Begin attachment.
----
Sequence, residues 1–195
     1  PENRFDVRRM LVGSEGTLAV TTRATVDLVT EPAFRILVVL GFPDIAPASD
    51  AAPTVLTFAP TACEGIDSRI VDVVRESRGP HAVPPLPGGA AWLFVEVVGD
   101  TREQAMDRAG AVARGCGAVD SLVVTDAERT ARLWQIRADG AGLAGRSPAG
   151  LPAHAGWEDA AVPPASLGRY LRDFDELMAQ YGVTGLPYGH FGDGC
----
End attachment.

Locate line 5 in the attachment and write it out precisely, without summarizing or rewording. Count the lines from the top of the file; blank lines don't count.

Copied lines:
   151  LPAHAGWEDA AVPPASLGRY LRDFDELMAQ YGVTGLPYGH FGDGC